A subset of the AI group at MIT and also some non-MIT people (eg, R.Beer, L.Steels) during the 1980's produced many [similar] papers that I really enjoyed.
Really, ALL of the autonomous mobile robot people working with subsumption were pretty fantastic.
(Also, check out the Roomba vacuum lineage)
http://people.csail.mit.edu/brooks/papers/ -- "Elephants..." is a simple one.
Edit: (adding) If anyone in the Seattle area wants to chat about this, I can talk your ear off. I'm up for coffee/beers.
"We have no idea how human brain actually works, there are billions of neurons. So instead we study brains of simpler organisms. Flatworm's brain has 52 neurons. We still have no idea how it works."
Does this still hold true or did we moved forward since?
Stripped down to the bare essentials, the simplest photovore circuits  work by setting up a voltage divider between two photoresistors positioned like eyes on either side of the robot's body. The output is fed into an inverter based oscillation circuit biased by the side of the robot light is coming from. This runs through some more inverters in parallel to step up the current high enough for two tiny motors with wheels. It creates a robot that waddles towards the brightest light in the room.
The simplicity of the circuit makes the various emergent robot behaviors that much more surprising and interesting. The frequency of the oscillations get faster in brighter light and slower in dim conditions, almost like the robot is searching harder to find the light in a dark room. If one wheel gets stuck, the torque stalling motor backfeeds into the control circuit and it can sometimes jolt or vibrate itself unstuck. If you power the whole thing with a solarpanel that charges up a capacitor for bursts of runtime, the robot really seems to come alive as it wiggles it's way towards the light imperative that keep it's circuits fed. There is something magical when you see a robot struggling to stay alive.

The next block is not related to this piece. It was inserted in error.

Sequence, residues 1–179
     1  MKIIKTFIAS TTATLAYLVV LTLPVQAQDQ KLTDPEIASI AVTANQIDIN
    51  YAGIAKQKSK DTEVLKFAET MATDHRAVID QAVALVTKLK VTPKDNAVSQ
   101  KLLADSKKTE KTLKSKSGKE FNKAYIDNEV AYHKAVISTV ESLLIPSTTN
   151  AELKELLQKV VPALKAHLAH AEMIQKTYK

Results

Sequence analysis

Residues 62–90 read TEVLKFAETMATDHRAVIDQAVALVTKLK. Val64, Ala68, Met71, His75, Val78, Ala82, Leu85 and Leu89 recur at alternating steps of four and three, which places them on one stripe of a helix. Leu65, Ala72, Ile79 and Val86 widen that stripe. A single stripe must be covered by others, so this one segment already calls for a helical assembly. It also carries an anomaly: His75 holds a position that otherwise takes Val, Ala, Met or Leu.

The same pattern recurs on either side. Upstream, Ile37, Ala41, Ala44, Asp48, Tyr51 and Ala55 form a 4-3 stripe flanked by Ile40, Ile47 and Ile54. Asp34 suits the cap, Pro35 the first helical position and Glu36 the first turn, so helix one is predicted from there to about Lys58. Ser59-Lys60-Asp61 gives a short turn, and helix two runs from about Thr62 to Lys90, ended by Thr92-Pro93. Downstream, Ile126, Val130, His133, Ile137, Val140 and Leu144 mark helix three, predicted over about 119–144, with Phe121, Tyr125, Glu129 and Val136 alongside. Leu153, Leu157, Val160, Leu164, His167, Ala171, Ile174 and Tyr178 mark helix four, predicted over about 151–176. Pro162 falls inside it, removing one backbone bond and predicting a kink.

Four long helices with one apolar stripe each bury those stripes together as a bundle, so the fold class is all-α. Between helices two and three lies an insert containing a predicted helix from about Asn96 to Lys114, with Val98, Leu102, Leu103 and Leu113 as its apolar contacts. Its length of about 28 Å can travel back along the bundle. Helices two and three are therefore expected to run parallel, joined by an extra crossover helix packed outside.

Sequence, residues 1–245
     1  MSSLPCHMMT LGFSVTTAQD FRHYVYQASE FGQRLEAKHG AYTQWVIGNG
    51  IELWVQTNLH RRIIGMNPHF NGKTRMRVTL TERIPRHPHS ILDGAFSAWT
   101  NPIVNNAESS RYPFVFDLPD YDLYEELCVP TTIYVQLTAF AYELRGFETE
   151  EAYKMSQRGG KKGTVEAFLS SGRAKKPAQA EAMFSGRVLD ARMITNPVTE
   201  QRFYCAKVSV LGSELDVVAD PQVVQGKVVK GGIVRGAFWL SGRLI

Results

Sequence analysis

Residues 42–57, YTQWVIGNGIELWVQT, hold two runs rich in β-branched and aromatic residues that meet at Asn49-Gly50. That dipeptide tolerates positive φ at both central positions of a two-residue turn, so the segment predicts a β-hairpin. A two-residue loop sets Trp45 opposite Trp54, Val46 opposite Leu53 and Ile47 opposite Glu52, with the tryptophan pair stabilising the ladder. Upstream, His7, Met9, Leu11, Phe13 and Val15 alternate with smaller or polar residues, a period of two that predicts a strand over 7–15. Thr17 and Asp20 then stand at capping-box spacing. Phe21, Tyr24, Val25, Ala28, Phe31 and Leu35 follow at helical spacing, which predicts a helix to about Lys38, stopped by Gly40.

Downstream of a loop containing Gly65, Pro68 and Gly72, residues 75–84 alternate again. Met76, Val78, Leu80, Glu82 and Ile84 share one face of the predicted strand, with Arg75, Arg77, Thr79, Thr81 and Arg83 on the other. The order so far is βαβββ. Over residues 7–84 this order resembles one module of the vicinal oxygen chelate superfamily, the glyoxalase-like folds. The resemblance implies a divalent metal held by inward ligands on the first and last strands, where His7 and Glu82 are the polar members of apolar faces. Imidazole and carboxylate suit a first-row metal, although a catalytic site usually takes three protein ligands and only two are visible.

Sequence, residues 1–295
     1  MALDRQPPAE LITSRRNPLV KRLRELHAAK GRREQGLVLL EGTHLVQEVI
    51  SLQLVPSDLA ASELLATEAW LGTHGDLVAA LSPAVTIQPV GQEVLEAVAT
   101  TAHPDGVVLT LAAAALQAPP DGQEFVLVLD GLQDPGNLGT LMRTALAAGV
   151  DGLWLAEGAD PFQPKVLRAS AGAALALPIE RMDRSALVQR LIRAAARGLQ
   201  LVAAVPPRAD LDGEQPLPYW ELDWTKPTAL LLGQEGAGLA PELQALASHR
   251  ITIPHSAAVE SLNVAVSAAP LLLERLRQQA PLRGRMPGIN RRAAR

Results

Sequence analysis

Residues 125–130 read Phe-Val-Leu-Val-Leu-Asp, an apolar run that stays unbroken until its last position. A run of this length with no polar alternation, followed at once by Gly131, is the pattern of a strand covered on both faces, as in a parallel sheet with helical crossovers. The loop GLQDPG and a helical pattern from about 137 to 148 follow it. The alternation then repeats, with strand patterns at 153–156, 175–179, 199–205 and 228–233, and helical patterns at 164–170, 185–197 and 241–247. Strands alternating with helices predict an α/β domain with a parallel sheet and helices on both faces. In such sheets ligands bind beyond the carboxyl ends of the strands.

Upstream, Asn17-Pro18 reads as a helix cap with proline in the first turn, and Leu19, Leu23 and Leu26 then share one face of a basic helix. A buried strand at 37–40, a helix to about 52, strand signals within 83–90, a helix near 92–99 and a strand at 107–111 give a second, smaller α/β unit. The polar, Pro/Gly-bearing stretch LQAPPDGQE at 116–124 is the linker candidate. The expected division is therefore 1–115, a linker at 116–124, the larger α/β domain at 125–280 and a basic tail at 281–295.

" Opteran has successfully reverse–engineered the algorithm honeybees use for optical flow estimation (the apparent motion of objects in a scene caused by relative motion of the observer). This algorithm can do optical flow processing at 10 kHz for under a Watt, running on a small FPGA. "
I wonder if we may accidentally carry over evolutionary behaviors.